July 12, 2021
Last week’s release of the June meeting minutes provided us with more insight into the Fed’s thinking. The minutes revealed that various FOMC participants pulled forward their expectations for the appropriate timing of tapering, suggesting the potential for an earlier-than-anticipated removal of monetary stimulus and in turn peak liquidity. The yield on the 10-year U.S. Treasury has fallen for two consecutive weeks, reaching 1.25% last Thursday, the first time it has fallen below 1.3% since the beginning of the year. On the week, yield spreads on Ginnie and conventional ARMs were unchanged while fixed-rate mortgage backs widened 3 basis points in both 15- and 30-year product.
ARM pricing spreads have tightened and are at levels seen during the first half of 2018. Shorter 5/1 conventional ARMs have a 19 bp spread, almost 12 bps wider than median levels from the first half of 2018. Longer-reset 7/1 and 10/1 conventionals have a 23 and 26 bp spread, respectively, approximately 9 bps wider. Adjustable-rate mortgage products remain an attractive place to put excess cash and liquidity without extending duration, regardless of portfolio strategy.
Factors such as diminished liquidity, lack of index sponsorship, and the small market size have slightly increased ARM spread concessions to fixed rates. 7/1s may offer better value than 15-years, but they are less liquid. Overall, we continue to see relative value in 7/1s due to appealing yields, shorter durations, and less negative convexity than comparable coupon 15-year fixed rate MBS. Investors concerned about potentially faster prepayments could focus on lower WAC new issue pools or moderately seasoned paper.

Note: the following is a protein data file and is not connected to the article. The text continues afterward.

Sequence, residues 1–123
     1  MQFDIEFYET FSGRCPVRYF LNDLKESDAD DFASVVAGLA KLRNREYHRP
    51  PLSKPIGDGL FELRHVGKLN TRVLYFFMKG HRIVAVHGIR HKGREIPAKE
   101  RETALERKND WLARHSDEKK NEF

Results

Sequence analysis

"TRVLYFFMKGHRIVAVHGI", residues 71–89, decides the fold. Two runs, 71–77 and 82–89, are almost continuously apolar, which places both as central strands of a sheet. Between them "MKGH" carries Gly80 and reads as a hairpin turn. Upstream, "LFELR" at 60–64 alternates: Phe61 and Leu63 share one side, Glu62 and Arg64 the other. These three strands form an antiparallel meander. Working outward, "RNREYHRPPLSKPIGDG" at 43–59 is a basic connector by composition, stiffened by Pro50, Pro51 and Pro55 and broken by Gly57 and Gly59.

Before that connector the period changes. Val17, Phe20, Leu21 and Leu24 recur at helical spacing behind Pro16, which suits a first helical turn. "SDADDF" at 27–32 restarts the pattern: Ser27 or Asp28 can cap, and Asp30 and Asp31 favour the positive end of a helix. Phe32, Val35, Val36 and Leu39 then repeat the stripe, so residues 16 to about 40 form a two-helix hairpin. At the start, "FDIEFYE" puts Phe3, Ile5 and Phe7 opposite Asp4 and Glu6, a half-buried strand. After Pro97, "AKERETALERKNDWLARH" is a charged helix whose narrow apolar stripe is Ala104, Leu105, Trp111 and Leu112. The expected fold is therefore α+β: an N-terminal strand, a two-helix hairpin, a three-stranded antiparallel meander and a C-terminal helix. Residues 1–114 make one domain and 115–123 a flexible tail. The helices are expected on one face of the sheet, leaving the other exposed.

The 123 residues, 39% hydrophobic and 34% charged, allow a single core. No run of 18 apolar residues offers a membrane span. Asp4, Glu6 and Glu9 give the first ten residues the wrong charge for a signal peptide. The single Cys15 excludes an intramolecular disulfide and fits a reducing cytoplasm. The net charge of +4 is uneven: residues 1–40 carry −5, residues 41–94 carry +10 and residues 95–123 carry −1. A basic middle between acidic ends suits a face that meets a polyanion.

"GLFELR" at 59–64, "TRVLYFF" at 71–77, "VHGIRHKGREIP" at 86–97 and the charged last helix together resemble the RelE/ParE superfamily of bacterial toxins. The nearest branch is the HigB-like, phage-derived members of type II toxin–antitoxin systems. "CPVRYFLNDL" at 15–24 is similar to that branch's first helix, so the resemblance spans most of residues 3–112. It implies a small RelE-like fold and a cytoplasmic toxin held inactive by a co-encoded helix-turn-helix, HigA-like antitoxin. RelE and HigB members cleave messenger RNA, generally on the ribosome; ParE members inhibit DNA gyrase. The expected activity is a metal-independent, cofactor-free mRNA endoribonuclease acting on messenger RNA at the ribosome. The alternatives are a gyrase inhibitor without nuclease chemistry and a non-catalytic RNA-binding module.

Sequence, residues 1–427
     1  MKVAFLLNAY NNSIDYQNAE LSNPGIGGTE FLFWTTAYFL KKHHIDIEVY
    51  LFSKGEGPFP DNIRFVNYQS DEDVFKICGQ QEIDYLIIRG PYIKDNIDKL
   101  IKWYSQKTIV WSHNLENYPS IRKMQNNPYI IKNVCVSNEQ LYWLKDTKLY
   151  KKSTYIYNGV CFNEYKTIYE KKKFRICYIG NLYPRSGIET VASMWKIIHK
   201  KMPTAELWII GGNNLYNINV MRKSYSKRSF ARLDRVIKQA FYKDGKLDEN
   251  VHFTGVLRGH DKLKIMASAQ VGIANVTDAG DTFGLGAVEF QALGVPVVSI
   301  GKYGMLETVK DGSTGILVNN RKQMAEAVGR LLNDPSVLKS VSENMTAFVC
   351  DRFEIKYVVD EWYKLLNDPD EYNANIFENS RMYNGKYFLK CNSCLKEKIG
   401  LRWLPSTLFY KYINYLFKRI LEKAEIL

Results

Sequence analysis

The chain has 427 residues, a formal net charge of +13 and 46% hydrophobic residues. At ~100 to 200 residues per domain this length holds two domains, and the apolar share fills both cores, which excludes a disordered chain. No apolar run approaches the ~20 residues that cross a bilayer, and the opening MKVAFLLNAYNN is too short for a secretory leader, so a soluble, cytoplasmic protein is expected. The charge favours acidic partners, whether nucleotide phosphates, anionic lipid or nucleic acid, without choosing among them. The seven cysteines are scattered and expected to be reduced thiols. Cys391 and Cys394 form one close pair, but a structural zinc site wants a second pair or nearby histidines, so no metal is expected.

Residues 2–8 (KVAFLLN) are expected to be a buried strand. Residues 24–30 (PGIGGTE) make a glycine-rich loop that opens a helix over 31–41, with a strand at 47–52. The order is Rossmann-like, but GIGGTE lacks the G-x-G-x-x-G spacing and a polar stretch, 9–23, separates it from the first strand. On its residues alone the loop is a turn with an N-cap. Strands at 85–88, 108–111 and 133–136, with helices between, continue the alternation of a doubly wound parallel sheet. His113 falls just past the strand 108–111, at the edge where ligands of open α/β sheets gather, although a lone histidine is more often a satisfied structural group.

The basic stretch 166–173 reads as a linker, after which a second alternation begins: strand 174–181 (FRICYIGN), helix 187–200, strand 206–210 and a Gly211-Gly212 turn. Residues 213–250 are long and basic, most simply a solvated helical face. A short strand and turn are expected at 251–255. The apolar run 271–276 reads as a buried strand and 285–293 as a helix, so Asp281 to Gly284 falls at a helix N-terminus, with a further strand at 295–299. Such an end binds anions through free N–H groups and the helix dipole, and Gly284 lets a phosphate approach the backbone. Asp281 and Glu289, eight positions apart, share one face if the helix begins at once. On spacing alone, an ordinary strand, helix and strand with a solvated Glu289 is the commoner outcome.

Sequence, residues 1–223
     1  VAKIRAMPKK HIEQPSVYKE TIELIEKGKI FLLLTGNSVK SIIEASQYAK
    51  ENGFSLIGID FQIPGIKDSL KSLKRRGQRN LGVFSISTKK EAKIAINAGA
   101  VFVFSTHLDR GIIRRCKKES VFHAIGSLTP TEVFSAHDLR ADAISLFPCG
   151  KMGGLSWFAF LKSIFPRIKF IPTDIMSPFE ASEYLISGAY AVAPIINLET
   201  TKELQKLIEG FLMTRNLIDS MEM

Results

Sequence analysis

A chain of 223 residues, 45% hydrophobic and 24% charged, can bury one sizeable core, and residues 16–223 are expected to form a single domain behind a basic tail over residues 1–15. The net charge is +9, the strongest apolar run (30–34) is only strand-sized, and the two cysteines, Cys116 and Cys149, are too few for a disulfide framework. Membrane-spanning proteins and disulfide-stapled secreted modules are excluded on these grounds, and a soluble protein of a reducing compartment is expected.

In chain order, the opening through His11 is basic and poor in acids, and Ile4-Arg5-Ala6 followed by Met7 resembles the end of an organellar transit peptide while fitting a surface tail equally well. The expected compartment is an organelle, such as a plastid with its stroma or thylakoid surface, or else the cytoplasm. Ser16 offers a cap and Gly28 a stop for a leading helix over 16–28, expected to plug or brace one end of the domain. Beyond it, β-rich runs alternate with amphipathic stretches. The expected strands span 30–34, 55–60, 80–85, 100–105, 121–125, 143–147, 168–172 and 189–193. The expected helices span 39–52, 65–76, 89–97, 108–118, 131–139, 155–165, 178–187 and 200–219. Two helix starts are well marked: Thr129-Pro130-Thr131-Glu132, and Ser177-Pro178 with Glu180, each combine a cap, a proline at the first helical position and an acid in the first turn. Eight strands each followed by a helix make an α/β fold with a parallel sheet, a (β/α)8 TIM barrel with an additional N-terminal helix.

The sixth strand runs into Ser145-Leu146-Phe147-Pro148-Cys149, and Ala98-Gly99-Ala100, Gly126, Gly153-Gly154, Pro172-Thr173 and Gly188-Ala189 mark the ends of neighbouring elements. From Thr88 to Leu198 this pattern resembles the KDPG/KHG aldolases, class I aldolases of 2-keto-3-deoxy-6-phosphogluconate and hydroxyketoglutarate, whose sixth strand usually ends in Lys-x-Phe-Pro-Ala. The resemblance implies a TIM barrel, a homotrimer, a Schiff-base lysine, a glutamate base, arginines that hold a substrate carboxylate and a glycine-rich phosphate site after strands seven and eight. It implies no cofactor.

ARM issuance skyrocketed in June to just under $2 billion, the highest level of issuance since the summer of 2017. The surge in issuance was due to two primary factors – the completion of the SOFR transition for new production ARMs and the rise of mortgage origination rates. Supply was split amongst Fannie Mae (1,280.2mm), Freddie Mac (667.6mm), and Ginnie Mae (16mm). Supply was focused in longer-reset 7yr/6m (848mm) and 10yr/6m (649.7mm) indexed to the 30-day SOFR Average while 5yr/6m were issued in an amount of 450.1mm. Minimal (10mm) 3/1s were issued as this shorter product continues to be largely abandoned by lenders and the GSEs. In recent years, the monthly net supply of ARMs has run at a negative pace, while fixed rate products have grown at a much faster pace. As of July, hybrid ARM issuance represented ~ 0.68% of overall MBS issuance.
ARM Prepay Commentary
The overall prepayment of conventional hybrid ARMs reversed course again and increased in June. July-released factors indicated the prepayments of FNMA and FHLMC ARMs rose 7.78% and 8.28%, respectively. The prepayments for FNMA 3/1s, 5/1s, 7/1s, and 10/1s increased by 7.27%, 10.86%, 10.13%, and 10.82%, respectively. Similarly, prepayments for FHLMC 5/1s, 7/1s, and 10/1s rose by 14.98%, 6.93%, and 11.20%, respectively. The overall prepayments of GN II hybrid ARMs increased 9.28% in June. For the Treasury indexed GN II hybrid ARMs, the prepayments for GN II 3/1s and 5/1s surged 11.96% and 8.63%, respectively. In aggregate, FNMA and FHLMC ARM speeds increased to 36 and 36.6 CPR and GN II rose to 37.7 CPR.